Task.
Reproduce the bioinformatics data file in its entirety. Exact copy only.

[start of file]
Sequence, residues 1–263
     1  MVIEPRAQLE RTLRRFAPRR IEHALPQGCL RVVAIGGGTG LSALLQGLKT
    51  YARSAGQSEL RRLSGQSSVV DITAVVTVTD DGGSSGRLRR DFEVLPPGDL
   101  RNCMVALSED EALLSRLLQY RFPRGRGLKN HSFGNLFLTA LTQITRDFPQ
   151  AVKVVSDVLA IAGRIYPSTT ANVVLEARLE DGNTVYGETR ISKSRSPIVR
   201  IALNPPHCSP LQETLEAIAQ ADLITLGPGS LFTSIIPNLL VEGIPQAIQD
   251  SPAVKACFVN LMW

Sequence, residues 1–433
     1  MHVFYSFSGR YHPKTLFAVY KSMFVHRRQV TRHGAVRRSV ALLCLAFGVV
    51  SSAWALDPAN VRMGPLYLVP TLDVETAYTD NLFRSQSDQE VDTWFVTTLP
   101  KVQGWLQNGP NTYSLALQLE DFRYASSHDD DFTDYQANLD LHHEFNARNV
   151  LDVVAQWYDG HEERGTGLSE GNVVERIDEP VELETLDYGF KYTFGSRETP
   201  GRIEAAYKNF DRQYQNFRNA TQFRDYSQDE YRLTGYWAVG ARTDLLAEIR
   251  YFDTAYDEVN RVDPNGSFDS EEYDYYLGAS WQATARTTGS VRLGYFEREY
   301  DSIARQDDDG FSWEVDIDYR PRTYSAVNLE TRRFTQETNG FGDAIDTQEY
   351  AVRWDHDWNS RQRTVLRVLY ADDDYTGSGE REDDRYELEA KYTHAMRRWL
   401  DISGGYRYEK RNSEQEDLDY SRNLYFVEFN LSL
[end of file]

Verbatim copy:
Sequence, residues 1–263
     1  MVIEPRAQLE RTLRRFAPRR IEHALPQGCL RVVAIGGGTG LSALLQGLKT
    51  YARSAGQSEL RRLSGQSSVV DITAVVTVTD DGGSSGRLRR DFEVLPPGDL
   101  RNCMVALSED EALLSRLLQY RFPRGRGLKN HSFGNLFLTA LTQITRDFPQ
   151  AVKVVSDVLA IAGRIYPSTT ANVVLEARLE DGNTVYGETR ISKSRSPIVR
   201  IALNPPHCSP LQETLEAIAQ ADLITLGPGS LFTSIIPNLL VEGIPQAIQD
   251  SPAVKACFVN LMW

Sequence, residues 1–433
     1  MHVFYSFSGR YHPKTLFAVY KSMFVHRRQV TRHGAVRRSV ALLCLAFGVV
    51  SSAWALDPAN VRMGPLYLVP TLDVETAYTD NLFRSQSDQE VDTWFVTTLP
   101  KVQGWLQNGP NTYSLALQLE DFRYASSHDD DFTDYQANLD LHHEFNARNV
   151  LDVVAQWYDG HEERGTGLSE GNVVERIDEP VELETLDYGF KYTFGSRETP
   201  GRIEAAYKNF DRQYQNFRNA TQFRDYSQDE YRLTGYWAVG ARTDLLAEIR
   251  YFDTAYDEVN RVDPNGSFDS EEYDYYLGAS WQATARTTGS VRLGYFEREY
   301  DSIARQDDDG FSWEVDIDYR PRTYSAVNLE TRRFTQETNG FGDAIDTQEY
   351  AVRWDHDWNS RQRTVLRVLY ADDDYTGSGE REDDRYELEA KYTHAMRRWL
   401  DISGGYRYEK RNSEQEDLDY SRNLYFVEFN LSL